4 reasons why CFD trading might be right for you
Most people start out trading by opening a cash account. That was how I started trading too. But as I have moved away from the traditional “buy and hold” investment style, I have been exploring some new and different options. While I still focus on equities, I have switched to trading CFDs instead of cash stocks. Below are some of the reasons why CFD trading has worked out for me.
Ability to “short”
CFDs offer the ability to go both long and short of the equity market. This is something a cash stock account cannot offer, because short selling is prohibited on SGX. Being able to short CFDs enables me to trade down-trending stocks.
Leverage essentially means that you “borrow” money to trade. While leverage always entails a certain degree of risk, if managed well, it is a very high return strategy.
As with all trading and investment, one universal rule applies: only trade what you can afford to lose. This applies equally to leveraged trading. Poorly managed leverage can easily result in huge erosion of your capital.
The advantage to me of leveraged trading is that I need to use only a percentage of what I would have paid in cash. With this leverage, I can continue to keep my cash elsewhere in other liquid assets, or even fixed income. This allows me to obtain two sources of income from just one pool of money.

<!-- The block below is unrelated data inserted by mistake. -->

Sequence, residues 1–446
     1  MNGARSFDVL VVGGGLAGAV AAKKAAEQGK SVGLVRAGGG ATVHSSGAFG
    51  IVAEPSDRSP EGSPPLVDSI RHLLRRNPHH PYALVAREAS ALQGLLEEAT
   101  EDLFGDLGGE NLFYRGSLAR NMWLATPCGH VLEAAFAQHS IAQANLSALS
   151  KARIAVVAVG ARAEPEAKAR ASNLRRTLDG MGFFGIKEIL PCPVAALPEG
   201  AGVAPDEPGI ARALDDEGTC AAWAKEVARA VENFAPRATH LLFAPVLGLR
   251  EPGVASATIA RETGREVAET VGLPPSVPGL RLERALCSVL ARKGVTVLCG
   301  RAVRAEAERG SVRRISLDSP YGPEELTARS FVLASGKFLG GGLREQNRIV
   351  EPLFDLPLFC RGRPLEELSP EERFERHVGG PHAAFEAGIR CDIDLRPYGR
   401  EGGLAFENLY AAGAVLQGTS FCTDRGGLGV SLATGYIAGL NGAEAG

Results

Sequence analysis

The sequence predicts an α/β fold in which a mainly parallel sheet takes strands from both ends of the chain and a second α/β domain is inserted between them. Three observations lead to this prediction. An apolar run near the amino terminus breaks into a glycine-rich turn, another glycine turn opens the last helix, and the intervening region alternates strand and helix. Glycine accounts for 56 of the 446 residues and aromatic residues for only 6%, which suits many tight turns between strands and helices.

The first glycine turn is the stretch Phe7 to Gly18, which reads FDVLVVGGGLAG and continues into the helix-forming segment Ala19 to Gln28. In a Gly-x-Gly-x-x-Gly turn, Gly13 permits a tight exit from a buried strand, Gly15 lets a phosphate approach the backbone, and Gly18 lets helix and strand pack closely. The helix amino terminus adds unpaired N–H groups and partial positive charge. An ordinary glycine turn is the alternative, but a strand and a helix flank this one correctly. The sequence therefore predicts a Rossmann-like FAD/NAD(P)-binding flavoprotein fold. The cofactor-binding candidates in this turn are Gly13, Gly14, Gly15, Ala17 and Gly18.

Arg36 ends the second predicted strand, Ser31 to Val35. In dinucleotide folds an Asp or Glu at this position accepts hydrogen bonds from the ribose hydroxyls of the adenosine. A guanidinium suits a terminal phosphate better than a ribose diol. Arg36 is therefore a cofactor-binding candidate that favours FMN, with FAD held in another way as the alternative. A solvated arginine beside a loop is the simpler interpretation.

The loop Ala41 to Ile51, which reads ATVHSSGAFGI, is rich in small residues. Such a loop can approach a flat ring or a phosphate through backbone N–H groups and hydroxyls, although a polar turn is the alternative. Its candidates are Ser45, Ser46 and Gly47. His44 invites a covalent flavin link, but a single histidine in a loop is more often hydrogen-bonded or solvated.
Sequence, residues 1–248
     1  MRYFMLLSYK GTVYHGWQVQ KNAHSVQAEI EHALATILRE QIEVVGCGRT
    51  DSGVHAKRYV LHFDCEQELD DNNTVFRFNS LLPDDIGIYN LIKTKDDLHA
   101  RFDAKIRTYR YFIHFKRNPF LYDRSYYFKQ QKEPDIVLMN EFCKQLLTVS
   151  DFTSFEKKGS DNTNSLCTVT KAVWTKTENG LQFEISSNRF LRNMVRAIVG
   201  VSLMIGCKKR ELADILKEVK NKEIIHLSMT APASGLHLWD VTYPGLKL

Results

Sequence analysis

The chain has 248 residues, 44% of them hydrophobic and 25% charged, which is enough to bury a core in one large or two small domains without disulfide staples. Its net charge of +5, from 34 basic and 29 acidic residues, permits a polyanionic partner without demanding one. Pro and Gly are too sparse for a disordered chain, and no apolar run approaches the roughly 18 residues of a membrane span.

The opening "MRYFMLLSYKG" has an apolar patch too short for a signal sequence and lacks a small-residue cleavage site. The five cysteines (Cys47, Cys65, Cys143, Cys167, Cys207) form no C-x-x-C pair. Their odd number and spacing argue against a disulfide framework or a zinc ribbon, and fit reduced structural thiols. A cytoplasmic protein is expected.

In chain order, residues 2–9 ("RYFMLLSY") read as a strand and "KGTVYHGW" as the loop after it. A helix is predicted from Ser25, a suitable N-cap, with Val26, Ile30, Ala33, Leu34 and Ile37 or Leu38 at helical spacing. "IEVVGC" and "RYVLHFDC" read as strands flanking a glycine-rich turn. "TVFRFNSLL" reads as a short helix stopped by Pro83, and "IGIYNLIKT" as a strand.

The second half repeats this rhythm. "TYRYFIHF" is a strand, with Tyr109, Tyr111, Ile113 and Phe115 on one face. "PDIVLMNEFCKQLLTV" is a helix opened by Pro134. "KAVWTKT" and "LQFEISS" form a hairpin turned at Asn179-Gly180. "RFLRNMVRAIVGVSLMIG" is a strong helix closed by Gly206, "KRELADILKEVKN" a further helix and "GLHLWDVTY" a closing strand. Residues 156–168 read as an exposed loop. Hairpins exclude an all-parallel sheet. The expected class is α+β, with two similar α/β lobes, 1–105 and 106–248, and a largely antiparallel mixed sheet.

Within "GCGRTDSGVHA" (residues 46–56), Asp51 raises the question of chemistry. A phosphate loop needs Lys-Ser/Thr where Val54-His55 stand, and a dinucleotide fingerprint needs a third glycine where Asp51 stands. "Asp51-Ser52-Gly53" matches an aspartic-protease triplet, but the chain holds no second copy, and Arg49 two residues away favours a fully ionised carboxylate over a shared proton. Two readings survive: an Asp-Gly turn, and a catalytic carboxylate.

All brokerage accounts in Singapore charge commission on a transaction basis. On top of commissions, there are other fees such as clearing fees and access fees. For traders who are starting out with modest capital, the commission and fees are a real drain on profits. A lower commission rate can be the difference between a losing and winning trade.
When it comes to CFD accounts, in general, trading with leverage means you pay daily financing costs on your positions. There is also a commission charge per transaction. However, most CFD accounts charge much lower commissions than cash accounts. So even including financing costs, overall it tends to be cheaper than a cash account, unless you hold your positions for a long time. It is highly recommended to compare the rates and charges of various brokers before committing to one.
CFDs provide me with exposure not only to Singapore stocks, but also to international stock exchanges, indices, forex and commodities. There are limitations to what a cash stock account allows you to trade. Trading foreign exchanges can also come at a high cost with a cash account. The ability to trade in a broad variety of financial assets allows me to diversify and manage concentration risk.
Of course, following the rules of diversification also suggests that I do not put all my money in CFDs. As the saying goes; never put all your eggs in one basket (or if you do, you better keep a very close eye on that basket!). Who knows? CFDs might become a great addition to your trading portfolio too!